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The former president of Michigan State University will finally stand trial for how much she knew about sexual assault allegations against USA Gymnastics doctor Larry Nassar.
Prosecutors hit Lou Anna Simon with four charges, including two felonies, in November of last year for allegedly lying to the cops in 2018 about whether she knew about a sexual assault complaint against Nassar. After a preliminary investigation, a judge ruled Monday that prosecutors had established probable cause that Simon had lied and sent the case to the circuit court for trial.
Simon, who has pleaded not guilty, could wind up with a prison sentence of up to four years and a $5,000 fine.
In her decision, Eaton County Judge Julie Reincke relied on notes, submitted as evidence, from the 2014 meeting that read “Sports Med, Dr. Nassar, SA,” with “SA” standing for “sexual assault.”
“There is probable cause to believe that defendant concealed the information voluntarily and intentionally with the intent to deceive,” Reincke wrote in her opinion Monday.
Prosecutors allege that during a 2014 meeting with the university’s department that handles sexual assault complaints, Simon was told about Nassar. But Simon claimed that during the course of the criminal investigation into Nassar, she only knew that a sports medicine doctor was under investigation but didn’t know about any of the details or who the alleged abuser was.
"We plan to vigorously defend Dr. Simon and will be appealing the decision of the district court," Simon’s attorney, Lee Silver, told The Detroit News. "We remain confident that we will ultimately prevail and that Lou Anna Simon will be fully acquitted of these charges.”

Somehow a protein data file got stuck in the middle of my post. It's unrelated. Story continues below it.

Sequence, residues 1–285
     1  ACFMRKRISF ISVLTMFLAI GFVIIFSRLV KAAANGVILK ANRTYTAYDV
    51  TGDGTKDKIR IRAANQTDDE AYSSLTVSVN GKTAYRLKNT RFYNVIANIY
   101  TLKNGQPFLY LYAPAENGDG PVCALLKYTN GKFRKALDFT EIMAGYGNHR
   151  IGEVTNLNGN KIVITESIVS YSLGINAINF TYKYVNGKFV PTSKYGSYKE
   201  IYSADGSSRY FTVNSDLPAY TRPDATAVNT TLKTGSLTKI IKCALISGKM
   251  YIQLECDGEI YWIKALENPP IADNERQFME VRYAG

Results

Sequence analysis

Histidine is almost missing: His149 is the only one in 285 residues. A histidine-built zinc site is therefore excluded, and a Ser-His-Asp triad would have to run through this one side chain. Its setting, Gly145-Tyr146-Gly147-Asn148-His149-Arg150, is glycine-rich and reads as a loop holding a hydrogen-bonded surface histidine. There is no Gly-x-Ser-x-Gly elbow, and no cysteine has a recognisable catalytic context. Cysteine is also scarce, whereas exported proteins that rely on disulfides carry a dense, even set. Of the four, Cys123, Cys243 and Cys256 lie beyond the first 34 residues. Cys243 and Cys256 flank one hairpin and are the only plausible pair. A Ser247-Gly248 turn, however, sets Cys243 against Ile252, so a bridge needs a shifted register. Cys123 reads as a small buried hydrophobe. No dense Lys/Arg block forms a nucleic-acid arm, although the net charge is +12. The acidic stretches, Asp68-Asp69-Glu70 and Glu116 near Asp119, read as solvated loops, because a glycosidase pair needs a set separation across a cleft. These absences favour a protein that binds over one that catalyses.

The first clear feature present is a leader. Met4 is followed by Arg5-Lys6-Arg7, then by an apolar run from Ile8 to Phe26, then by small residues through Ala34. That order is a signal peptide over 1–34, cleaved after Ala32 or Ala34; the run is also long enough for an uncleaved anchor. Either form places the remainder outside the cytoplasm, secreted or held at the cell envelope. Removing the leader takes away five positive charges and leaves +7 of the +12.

Simon was one of 14 Michigan State staffers who knew about Nassar’s abusive behavior, according to a Detroit News investigation. And she’s not the only one facing charges for allegedly lying.
Kathie Klages, the school’s former gymnastics coach, is also facing charges that she lied to the cops about how much she knew back in 1997. And William Strampel, the former dean of students at the university’s College of Osteopathic Medicine, was slapped with an 11-month prison sentence for using his position to proposition women and failing to make sure Nassar was following protocols.
Simon resigned from her position as university president in January 2018, following Nassar’s conviction and allegations that she didn’t do enough to hold the doctor accountable. But before she left, she secured the title of president emeritus and a $2.45 million retirement salary.
Cover image: Former Michigan State University President Lou Anna Simon appears in District Judge Julie Reincke's courtroom, for the first day of her preliminary hearing, Tuesday, Feb. 5, 2019, in Charlotte, Mich. (Dale G. Young/Detroit News via AP)